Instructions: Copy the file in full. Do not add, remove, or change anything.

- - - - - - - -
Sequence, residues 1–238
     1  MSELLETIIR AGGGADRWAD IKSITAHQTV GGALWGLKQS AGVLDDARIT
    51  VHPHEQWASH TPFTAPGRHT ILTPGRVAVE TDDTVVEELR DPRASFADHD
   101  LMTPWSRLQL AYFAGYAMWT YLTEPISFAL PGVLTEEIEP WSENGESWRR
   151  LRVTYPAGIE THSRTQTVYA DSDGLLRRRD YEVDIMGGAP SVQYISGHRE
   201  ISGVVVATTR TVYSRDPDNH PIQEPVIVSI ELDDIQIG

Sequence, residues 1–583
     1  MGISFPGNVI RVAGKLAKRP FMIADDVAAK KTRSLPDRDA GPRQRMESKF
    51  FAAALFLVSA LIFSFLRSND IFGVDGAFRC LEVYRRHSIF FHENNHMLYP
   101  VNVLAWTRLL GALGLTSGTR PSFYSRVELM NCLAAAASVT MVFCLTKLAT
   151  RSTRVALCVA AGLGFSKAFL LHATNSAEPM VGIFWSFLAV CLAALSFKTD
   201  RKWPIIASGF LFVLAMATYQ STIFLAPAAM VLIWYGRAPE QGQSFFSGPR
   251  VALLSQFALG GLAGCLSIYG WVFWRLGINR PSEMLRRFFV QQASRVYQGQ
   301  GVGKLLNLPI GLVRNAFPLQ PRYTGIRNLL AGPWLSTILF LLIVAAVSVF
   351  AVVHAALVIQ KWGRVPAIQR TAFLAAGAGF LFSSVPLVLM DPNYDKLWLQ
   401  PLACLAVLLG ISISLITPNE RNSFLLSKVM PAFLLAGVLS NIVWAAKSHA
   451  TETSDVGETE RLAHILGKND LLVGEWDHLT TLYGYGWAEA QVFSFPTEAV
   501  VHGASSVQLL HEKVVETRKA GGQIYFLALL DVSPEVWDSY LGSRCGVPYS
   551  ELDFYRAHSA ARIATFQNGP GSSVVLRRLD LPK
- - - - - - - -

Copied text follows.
Sequence, residues 1–238
     1  MSELLETIIR AGGGADRWAD IKSITAHQTV GGALWGLKQS AGVLDDARIT
    51  VHPHEQWASH TPFTAPGRHT ILTPGRVAVE TDDTVVEELR DPRASFADHD
   101  LMTPWSRLQL AYFAGYAMWT YLTEPISFAL PGVLTEEIEP WSENGESWRR
   151  LRVTYPAGIE THSRTQTVYA DSDGLLRRRD YEVDIMGGAP SVQYISGHRE
   201  ISGVVVATTR TVYSRDPDNH PIQEPVIVSI ELDDIQIG

Sequence, residues 1–583
     1  MGISFPGNVI RVAGKLAKRP FMIADDVAAK KTRSLPDRDA GPRQRMESKF
    51  FAAALFLVSA LIFSFLRSND IFGVDGAFRC LEVYRRHSIF FHENNHMLYP
   101  VNVLAWTRLL GALGLTSGTR PSFYSRVELM NCLAAAASVT MVFCLTKLAT
   151  RSTRVALCVA AGLGFSKAFL LHATNSAEPM VGIFWSFLAV CLAALSFKTD
   201  RKWPIIASGF LFVLAMATYQ STIFLAPAAM VLIWYGRAPE QGQSFFSGPR
   251  VALLSQFALG GLAGCLSIYG WVFWRLGINR PSEMLRRFFV QQASRVYQGQ
   301  GVGKLLNLPI GLVRNAFPLQ PRYTGIRNLL AGPWLSTILF LLIVAAVSVF
   351  AVVHAALVIQ KWGRVPAIQR TAFLAAGAGF LFSSVPLVLM DPNYDKLWLQ
   401  PLACLAVLLG ISISLITPNE RNSFLLSKVM PAFLLAGVLS NIVWAAKSHA
   451  TETSDVGETE RLAHILGKND LLVGEWDHLT TLYGYGWAEA QVFSFPTEAV
   501  VHGASSVQLL HEKVVETRKA GGQIYFLALL DVSPEVWDSY LGSRCGVPYS
   551  ELDFYRAHSA ARIATFQNGP GSSVVLRRLD LPK